Advent Reflection from Fr Simon StampSunday 13th December 2020
Today we light the third candle on our Advent Wreath, and we notice it is lighter in colour than the violet candles because it represents joy. We light a rose candle, and the Priest wears rose vestments, because today we celebrate ‘Gaudete Sunday’, a word which literally means ‘Rejoice!’ The name of this third Sunday is taken from the Entrance Antiphon at Mass which uses the words of St Paul, ‘Rejoice in the Lord always; again I say, rejoice. Indeed, the Lord is near.’ In these beautiful words, St Paul teaches us where our true and lasting joy is to be found – in the nearness of Our Lord to us.
In the coming week, the Church turns our focus from awaiting the Second Coming of Our Lord to preparing for the celebration of Christmas: Our Lord’s First Coming in time and history as the Baby of Bethlehem. If there is one word which should sum up our preparation for, and celebration of, Christmas, that word is joy. This was certainly true for those who first prepared for and celebrated this Feast, the angels and the shepherds. The angel of the Lord called the shepherds to the manger at Bethlehem with these words from St Luke’s Gospel, ‘Behold, I bring you good news of a great joy…’
Often, we find that our joy is taken from us, perhaps by difficulties and setbacks, or world events which seem to get on top of us, or even just by our own lukewarmness. So, on this ‘Gaudete Sunday’ I want to suggest two practical ways we can keep that spirit of joy as we prepare to celebrate Christmas so that when the day of the Feast arrives, we can truly rejoice in the nearness of Our Lord. The first is this – in this second half of Advent we must remain very close to Our Lady. In the Litany of Loreto, we call on Our Blessed Lady using the title ‘Cause of our joy’. She is the cause of our joy because it is through her that Our Lord comes so near to us in the Incarnation. Imagine how many setbacks and difficulties Our Lady and St Joseph faced on the journey to Bethlehem, and then having to bring Jesus into the world in the cold of a cave, and yet nothing could take their joy away at the Birth of the Saviour, at His nearness.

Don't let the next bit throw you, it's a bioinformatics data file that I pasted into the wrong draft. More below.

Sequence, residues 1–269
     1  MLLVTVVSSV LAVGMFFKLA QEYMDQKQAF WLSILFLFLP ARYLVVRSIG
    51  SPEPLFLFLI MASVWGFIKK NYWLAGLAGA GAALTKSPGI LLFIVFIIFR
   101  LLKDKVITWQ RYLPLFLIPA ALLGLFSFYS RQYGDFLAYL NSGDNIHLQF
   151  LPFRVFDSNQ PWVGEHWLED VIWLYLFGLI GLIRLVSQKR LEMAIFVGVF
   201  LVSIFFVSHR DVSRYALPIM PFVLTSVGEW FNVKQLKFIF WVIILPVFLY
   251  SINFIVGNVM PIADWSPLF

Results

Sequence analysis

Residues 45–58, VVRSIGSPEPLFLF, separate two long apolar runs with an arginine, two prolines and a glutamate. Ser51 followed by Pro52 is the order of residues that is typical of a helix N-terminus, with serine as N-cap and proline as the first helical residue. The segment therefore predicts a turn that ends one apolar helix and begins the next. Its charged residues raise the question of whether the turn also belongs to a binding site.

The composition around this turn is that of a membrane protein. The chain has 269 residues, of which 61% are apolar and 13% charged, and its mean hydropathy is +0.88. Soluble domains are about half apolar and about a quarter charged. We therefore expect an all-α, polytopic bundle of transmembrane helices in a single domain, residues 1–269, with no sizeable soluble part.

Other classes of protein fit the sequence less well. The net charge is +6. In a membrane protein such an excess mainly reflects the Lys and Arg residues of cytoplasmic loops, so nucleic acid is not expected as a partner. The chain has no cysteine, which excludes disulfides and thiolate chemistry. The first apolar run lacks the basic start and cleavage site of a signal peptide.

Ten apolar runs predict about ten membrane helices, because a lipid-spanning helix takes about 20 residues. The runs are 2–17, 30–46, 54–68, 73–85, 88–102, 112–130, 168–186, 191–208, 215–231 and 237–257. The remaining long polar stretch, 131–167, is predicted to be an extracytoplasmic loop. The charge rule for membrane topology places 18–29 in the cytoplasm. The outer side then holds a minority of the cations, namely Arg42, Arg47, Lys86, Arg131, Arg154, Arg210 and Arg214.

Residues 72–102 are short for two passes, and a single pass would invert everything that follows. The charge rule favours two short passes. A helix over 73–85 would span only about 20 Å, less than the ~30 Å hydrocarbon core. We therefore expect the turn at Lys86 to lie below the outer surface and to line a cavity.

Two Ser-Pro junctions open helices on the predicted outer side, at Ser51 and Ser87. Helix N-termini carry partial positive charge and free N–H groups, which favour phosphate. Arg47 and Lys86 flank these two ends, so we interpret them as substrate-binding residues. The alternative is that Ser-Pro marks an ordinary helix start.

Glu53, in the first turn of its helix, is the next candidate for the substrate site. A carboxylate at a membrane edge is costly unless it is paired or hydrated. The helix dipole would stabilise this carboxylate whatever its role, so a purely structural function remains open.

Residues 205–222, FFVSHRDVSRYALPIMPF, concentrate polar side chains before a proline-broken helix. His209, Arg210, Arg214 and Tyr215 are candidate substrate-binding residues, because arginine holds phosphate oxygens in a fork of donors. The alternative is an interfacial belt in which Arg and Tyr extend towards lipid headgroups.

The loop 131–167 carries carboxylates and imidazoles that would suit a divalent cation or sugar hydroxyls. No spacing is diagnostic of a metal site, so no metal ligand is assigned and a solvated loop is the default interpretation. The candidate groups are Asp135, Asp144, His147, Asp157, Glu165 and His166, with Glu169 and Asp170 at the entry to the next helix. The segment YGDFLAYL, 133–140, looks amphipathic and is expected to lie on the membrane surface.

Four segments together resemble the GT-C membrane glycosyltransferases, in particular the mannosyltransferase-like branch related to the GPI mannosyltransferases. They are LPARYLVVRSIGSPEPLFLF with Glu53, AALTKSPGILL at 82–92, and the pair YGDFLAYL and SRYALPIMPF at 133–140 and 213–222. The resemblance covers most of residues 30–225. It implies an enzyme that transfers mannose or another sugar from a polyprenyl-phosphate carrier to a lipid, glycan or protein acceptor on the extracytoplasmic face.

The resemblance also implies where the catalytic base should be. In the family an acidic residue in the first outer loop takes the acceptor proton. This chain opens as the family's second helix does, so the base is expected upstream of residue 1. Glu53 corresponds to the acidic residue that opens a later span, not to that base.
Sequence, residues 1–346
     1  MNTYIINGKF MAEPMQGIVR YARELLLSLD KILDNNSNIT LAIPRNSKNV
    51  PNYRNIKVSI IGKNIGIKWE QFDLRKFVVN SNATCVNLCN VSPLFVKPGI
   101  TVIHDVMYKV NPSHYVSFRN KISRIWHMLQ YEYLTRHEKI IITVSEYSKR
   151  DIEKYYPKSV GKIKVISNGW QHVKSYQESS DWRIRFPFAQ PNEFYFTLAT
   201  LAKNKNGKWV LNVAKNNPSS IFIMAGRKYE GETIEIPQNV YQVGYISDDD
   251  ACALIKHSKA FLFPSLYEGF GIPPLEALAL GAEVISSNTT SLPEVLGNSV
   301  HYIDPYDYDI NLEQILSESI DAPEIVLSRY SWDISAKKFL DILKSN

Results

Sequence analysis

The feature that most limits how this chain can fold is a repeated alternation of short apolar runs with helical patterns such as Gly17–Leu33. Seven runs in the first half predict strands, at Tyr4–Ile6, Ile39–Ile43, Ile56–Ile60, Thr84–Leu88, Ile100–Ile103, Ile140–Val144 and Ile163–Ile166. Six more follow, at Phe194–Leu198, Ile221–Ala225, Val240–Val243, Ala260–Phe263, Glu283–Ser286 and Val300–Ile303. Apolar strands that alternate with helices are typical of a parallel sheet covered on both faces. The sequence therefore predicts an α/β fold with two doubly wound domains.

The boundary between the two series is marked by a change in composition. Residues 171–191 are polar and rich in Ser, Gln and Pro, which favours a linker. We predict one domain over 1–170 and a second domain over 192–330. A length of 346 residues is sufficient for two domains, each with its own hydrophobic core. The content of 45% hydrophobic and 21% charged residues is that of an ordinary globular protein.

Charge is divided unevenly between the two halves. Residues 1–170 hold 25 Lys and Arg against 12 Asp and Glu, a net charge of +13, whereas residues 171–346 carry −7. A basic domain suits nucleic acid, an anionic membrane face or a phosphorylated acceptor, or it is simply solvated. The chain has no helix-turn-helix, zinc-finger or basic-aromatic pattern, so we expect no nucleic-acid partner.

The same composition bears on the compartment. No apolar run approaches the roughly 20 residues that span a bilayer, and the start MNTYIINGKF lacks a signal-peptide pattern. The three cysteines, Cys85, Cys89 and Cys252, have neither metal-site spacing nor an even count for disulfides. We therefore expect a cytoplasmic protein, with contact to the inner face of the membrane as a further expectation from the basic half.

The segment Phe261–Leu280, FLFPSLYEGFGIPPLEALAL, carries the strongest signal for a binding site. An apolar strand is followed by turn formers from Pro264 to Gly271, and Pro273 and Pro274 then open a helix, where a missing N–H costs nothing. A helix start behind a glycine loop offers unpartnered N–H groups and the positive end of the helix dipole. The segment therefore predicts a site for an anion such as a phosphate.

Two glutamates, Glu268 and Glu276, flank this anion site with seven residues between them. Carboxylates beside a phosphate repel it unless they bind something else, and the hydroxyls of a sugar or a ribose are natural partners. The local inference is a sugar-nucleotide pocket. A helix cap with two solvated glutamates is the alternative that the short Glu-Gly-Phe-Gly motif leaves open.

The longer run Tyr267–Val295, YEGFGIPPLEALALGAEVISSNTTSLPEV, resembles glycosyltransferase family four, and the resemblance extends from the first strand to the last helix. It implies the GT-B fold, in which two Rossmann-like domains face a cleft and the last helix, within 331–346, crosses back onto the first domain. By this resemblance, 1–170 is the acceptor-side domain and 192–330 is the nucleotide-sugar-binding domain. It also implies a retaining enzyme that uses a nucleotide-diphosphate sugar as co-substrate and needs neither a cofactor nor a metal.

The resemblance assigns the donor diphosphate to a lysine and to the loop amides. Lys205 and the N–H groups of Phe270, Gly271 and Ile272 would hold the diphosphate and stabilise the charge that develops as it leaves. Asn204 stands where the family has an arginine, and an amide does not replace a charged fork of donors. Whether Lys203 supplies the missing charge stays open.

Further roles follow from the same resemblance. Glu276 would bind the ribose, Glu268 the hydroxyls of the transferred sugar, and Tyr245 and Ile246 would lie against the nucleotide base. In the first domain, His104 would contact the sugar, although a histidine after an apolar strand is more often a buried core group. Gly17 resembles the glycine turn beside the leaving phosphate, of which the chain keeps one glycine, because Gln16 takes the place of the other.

The second is this – during this second half of Advent, we need to renew what Pope St John Paul II calls our ‘Eucharistic amazement’. As we prepare for Christmas, we are in awe that, out of love for us, the Word of God, God the Son, should take on the frailty of our human nature and become man. That Word through Whom all was created, dwelling in silence and littleness and fragility, firstly in Our Lady’s Immaculate womb and then able only to make the small sounds and movements of a baby in the manger at Bethlehem. How much more amazed and full of joy must we be when we consider that it was not enough for Our Lord to dwell in poverty, littleness and fragility in the manger of Bethlehem (a place name which means ‘House of Bread’) but that He chooses to dwell now in the tabernacles of our churches and on our altars in the silence, fragility and littleness of the Holy Eucharist. How could God be any nearer to us than He was as the Baby of Bethlehem? Only He could find a way, by coming to us each and every day until the end of time in the Blessed Sacrament.
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